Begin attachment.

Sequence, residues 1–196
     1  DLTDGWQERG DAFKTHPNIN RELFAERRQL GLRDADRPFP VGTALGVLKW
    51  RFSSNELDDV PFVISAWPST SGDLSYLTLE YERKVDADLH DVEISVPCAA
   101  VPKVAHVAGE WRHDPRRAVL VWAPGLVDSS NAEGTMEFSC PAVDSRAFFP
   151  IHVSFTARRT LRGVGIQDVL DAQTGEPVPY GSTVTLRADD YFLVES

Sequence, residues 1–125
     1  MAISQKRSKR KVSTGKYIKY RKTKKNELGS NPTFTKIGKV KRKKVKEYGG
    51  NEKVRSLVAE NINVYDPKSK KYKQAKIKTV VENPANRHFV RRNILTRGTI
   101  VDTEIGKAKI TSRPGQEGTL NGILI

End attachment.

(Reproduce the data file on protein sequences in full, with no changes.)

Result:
Sequence, residues 1–196
     1  DLTDGWQERG DAFKTHPNIN RELFAERRQL GLRDADRPFP VGTALGVLKW
    51  RFSSNELDDV PFVISAWPST SGDLSYLTLE YERKVDADLH DVEISVPCAA
   101  VPKVAHVAGE WRHDPRRAVL VWAPGLVDSS NAEGTMEFSC PAVDSRAFFP
   151  IHVSFTARRT LRGVGIQDVL DAQTGEPVPY GSTVTLRADD YFLVES

Sequence, residues 1–125
     1  MAISQKRSKR KVSTGKYIKY RKTKKNELGS NPTFTKIGKV KRKKVKEYGG
    51  NEKVRSLVAE NINVYDPKSK KYKQAKIKTV VENPANRHFV RRNILTRGTI
   101  VDTEIGKAKI TSRPGQEGTL NGILI